Erdogan

U.S. President Donald Trump and Turkish President Recep Tayyip Erdogan

Trump’s Inexplicable Crusade to Help Iran Evade Sanctions

The U.S. president never could grasp that shielding Turkey’s Halkbank for Erdogan would make Iranian sanctions evasion easier.

Joe Biden attends a meeting with President Recep Tayyip Erdogan of Turkey on the sidelines of the nuclear summit in Washington on March 31, 2016.

Biden and Erdogan Are Trapped in a Double Fantasy

Why Washington and Ankara don’t get each other at all—and need each other anyway.

Sailors standing on the deck of a warship at a parade during the Turkish International Ceremony at Mehmetcik Abidesi Martyrs Memorial near Seddulbahir Turkey on April 24, 2015.

Turkey’s Year of Living Dangerously

Turkey took its expansionist vision to new heights in 2020—but with a battered economy, growing opposition, and now U.S. sanctions, it’s not clear how long that can continue.

Supporters of Ersin Tatar celebrate his win in the presidential election in the northern part of Nicosia, the capital of the self-proclaimed Turkish Republic of Northern Cyprus.

Biden Faces Troubled Eastern Mediterranean Waters

Greeks and Greek Cypriots are hoping for stronger U.S. support in their disputes with Turkey. But that may not be the president-elect’s greatest priority.

Then-U.S. Vice President Joseph Biden speaks as Turkish Prime Minister Recep Tayyip Erdogan  looks on during a luncheon at the State Department on May 16, 2013.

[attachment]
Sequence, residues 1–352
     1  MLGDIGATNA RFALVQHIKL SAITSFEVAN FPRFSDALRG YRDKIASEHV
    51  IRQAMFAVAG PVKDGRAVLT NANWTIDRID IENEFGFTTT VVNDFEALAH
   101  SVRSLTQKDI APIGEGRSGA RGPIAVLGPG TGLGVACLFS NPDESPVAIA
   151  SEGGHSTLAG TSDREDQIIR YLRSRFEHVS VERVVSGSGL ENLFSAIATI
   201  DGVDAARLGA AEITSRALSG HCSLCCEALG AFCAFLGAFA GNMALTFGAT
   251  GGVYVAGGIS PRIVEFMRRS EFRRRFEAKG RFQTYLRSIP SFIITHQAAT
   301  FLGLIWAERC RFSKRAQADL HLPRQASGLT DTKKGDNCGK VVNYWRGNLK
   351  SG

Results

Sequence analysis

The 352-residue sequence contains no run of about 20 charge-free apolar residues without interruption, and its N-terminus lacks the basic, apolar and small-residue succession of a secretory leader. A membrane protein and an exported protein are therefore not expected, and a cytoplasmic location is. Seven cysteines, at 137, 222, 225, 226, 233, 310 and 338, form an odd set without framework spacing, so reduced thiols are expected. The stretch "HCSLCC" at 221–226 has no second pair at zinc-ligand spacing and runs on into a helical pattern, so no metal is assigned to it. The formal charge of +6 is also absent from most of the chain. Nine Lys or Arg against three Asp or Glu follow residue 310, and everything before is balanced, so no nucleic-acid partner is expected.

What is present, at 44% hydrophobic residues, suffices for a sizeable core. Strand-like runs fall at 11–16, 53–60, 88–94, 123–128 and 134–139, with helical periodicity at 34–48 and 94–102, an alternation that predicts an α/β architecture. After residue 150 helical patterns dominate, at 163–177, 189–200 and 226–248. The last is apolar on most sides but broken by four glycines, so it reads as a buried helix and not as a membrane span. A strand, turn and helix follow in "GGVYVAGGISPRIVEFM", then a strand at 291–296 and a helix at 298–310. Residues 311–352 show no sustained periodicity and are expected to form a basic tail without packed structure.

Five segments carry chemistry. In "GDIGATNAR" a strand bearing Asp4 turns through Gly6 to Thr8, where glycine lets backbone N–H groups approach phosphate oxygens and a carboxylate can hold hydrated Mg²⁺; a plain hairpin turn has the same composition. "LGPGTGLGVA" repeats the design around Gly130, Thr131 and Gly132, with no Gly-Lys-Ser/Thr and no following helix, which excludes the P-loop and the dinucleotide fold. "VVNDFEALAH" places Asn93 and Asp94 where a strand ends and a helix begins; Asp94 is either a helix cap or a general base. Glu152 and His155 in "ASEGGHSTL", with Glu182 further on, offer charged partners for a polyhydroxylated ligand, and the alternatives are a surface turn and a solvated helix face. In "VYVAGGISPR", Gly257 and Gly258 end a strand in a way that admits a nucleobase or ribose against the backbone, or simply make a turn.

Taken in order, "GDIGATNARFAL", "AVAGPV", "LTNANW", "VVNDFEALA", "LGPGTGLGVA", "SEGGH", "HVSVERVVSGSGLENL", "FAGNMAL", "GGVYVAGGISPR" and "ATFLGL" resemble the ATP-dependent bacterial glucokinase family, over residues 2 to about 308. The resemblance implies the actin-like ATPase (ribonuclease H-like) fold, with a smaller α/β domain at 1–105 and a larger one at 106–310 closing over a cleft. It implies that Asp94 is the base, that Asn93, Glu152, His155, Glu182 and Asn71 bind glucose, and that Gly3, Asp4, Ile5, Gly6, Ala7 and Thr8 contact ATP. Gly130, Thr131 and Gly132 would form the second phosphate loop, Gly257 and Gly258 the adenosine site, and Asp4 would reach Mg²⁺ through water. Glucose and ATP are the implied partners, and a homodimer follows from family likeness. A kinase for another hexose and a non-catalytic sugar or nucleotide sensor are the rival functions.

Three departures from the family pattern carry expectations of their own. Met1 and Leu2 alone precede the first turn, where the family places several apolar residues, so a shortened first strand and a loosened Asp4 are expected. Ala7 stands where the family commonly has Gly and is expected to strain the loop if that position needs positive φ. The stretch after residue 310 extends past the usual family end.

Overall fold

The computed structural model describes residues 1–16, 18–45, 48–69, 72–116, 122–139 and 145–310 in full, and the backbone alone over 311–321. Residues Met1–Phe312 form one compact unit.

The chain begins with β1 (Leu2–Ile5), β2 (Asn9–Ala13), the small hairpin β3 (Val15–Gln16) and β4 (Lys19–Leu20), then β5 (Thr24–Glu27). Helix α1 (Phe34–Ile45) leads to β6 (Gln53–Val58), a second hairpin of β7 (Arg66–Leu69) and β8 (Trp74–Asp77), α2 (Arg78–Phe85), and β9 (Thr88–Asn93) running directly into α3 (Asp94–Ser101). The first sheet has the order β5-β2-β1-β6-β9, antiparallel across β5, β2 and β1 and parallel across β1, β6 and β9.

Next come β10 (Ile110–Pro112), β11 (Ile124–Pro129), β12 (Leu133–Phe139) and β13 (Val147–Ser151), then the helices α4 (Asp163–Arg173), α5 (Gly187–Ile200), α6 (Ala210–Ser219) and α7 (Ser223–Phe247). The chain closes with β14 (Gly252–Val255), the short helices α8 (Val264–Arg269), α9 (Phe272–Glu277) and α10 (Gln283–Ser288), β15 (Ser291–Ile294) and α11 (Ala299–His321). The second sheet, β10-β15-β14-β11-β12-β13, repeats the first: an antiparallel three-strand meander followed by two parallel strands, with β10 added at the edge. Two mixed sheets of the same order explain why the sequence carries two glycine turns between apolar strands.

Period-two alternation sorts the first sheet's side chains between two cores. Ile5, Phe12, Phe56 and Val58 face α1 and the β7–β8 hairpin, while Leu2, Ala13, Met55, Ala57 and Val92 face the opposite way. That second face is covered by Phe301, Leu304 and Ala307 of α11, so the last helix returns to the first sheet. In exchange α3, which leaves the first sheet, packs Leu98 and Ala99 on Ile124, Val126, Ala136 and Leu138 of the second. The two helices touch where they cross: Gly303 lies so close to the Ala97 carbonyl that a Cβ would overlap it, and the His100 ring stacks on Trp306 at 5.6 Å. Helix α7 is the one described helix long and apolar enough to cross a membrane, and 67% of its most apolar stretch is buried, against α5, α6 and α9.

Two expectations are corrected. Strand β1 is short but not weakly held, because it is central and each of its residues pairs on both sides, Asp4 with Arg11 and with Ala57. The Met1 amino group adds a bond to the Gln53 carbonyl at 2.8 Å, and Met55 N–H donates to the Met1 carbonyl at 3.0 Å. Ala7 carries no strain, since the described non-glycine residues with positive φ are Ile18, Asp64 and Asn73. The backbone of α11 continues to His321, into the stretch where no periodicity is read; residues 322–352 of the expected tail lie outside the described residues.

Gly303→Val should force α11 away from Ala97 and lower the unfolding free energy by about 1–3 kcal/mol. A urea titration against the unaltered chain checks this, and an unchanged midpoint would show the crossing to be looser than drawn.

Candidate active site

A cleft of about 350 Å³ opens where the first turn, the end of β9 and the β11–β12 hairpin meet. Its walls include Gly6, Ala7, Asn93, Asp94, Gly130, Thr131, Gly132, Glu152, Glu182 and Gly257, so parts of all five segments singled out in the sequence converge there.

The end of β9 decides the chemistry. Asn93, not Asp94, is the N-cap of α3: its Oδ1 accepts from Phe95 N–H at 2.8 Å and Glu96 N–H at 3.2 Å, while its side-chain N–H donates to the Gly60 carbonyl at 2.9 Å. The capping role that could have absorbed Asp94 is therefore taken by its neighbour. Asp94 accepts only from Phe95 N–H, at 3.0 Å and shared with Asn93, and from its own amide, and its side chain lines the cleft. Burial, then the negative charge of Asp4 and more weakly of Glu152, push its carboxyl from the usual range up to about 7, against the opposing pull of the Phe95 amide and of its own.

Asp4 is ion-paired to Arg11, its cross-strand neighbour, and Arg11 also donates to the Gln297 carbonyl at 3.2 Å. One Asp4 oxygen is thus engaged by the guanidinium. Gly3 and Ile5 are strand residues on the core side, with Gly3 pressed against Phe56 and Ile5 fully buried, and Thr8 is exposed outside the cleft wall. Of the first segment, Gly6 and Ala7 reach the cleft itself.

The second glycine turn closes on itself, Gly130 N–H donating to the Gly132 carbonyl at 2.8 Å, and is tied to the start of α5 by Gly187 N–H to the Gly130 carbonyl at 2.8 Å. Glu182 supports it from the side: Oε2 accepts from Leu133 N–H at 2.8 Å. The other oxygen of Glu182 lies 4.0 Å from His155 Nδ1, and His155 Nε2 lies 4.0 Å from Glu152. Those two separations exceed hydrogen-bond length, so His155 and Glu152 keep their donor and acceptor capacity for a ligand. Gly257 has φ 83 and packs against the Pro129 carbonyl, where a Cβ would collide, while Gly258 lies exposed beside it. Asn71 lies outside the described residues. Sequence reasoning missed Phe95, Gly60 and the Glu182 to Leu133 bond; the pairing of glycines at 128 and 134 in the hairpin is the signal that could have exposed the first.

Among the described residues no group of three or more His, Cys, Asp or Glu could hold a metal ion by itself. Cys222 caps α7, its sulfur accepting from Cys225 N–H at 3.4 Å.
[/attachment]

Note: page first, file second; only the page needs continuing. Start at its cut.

Biden Can’t Avoid Erdogan, but He Can Keep the U.S.-Turkish Relationship on Track

Turkey’s leader has caused many headaches in Washington in recent years, but letting ties deteriorate further would be disastrous.

Turkish President Recep Tayyip Erdogan and Turkish Cypriot leader Ersin Tatar

Changing Tides in Divided Cyprus

The victory of an Erdogan ally in Northern Cyprus spells danger for the island’s reunification prospects—and sets Turkey up for regional hegemony.

Turkish President Recep Tayyip Erdogan delivers a speech in Ankara on Sept. 5, 2019.

Turkey’s Generation Z Turns Against Erdogan

The Turkish leader tried to mold a generation of pious followers. Instead, the country’s youth could bring about his final defeat.

Turkish President Recep Tayyip Erdogan arrives on stage to deliver a speech following a cabinet meeting in Ankara on June 9.

The Turkish Government Closed a University Because It Fears Free Speech

Ankara shut an institution founded by religious conservatives and attacks tech companies in order to stop young Turks from accessing a free academic and media environment.

Turkish Prime Minister Recep Tayyip Erdogan and Libya's interim leader Mustafa Abdel Jalil wave as they attend Friday prayers in Tripoli on Sept. 16, 2011.

Erdogan Is Libya’s Man Without a Plan

Turkey is standing in the wreckage of a foreign-policy adventure with no discernible strategy.

A police van patrols in front of Hagia Sophia during a two-day lockdown imposed prevent the spread of COVID-19 on April 11,  in Istanbul, Turkey.

Erdogan Should Not Erase Turkey’s Christian Past

The Turkish president wants to turn Istanbul’s Hagia Sophia back into a mosque. Destroying its dual Orthodox-Islamic heritage would be a blow to religious pluralism and tolerance.